Degree Type


Date of Award


Degree Name

Doctor of Philosophy




Which of the literature-identified factors most influence faculty willingness to teach via telecommunications? For this study, attitudinal descriptive elements were lifted from the literature and reformulated into items on a questionnaire. Six categories of items resulted: (1) awareness of distance teaching, (2) the use of technology for instruction, (3) logistical aspects of distance instruction, (4) quality in distance teaching, (5) instructor control over the teaching-learning process, and (6) institutional support for distance instruction. The questionnaire was mailed to a sample of 53 Iowa State University faculty members who had taught at a distance via satellite, audioteleconferencing, videotape or pre-produced telecourses, and 52 faculty who had never taught at a distance. Instructors' ratings of the distance-teaching-related factors were statistically compared to their indication of their own willingness to distance teach;It was hypothesized that instructors primarily resist distance teaching because they see teaching via instructional technology as lessening their control over the teaching-learning process. It was further hypothesized that institutional support would constitute the strongest catalyst for participation in distance teaching;Multiple regression analyses did identify the issue of instructor control over the teaching-learning process as the greatest predictor of willingness to distance teach. The more faculty perceived distance teaching as lessening their control, the less willing they were to participate in it. Control was the only influential category for inexperienced faculty. For faculty who had taught at a distance, however, the use of technology for instruction emerged as a secondary influence. There were no significant differences in the way faculty willing to distance teach and faculty unwilling to distance teach perceived institutional support for distance instruction. Institutional support was not rated highly by the respondents. Cross-tabulations suggested that opinions on distance teaching issues may vary according to the telecommunications delivery mode used by the faculty member.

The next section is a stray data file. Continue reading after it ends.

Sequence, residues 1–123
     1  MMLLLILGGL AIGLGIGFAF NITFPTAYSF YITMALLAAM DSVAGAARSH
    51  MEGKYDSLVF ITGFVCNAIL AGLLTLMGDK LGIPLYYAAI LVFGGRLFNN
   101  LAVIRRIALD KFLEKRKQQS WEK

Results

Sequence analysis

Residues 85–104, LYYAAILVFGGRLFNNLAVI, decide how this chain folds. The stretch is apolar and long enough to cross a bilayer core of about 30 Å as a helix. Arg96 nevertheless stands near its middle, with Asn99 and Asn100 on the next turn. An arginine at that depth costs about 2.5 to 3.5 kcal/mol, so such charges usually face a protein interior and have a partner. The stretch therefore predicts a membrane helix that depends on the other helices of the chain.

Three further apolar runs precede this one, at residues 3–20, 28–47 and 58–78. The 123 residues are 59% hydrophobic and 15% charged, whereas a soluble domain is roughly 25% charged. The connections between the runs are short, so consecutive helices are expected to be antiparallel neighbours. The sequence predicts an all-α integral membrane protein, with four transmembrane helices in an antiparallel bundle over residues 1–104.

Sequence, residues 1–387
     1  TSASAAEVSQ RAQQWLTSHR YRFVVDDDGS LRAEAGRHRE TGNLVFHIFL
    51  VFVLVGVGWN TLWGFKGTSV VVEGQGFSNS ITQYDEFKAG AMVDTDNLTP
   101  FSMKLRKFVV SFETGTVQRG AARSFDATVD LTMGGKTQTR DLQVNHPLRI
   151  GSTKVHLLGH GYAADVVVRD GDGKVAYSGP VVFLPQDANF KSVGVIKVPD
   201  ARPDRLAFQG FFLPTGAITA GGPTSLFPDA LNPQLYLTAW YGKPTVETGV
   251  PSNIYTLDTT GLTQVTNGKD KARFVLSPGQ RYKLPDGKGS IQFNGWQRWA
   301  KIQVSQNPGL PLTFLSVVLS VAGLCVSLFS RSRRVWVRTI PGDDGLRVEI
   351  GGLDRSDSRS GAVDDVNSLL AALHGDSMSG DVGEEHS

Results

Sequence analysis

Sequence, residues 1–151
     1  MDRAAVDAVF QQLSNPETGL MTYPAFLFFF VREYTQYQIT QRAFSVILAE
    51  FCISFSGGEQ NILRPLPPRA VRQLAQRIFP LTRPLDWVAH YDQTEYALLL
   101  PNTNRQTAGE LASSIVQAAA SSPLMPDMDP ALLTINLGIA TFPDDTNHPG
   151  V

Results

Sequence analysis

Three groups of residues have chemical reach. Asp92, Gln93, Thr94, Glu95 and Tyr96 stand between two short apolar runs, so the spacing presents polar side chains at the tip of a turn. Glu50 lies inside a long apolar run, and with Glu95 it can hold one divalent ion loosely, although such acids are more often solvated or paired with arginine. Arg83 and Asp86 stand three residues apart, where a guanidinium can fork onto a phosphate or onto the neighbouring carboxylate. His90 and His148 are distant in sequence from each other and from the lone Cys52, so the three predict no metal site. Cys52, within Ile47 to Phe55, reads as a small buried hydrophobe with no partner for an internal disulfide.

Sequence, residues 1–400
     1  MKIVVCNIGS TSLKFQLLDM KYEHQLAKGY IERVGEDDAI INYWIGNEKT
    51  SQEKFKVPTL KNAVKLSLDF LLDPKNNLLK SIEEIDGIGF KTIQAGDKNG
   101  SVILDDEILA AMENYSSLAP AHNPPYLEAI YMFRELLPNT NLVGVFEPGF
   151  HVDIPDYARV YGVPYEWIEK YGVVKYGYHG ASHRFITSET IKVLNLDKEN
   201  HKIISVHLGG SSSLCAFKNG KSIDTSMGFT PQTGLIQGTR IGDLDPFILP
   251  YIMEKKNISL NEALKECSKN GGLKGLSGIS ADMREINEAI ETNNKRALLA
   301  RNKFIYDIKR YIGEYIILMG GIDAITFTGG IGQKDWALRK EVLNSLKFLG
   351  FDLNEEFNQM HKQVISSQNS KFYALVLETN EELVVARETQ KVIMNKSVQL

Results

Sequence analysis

Digital Repository @ Iowa State University,

Copyright Owner

Kathleen Anne Stinehart



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131 pages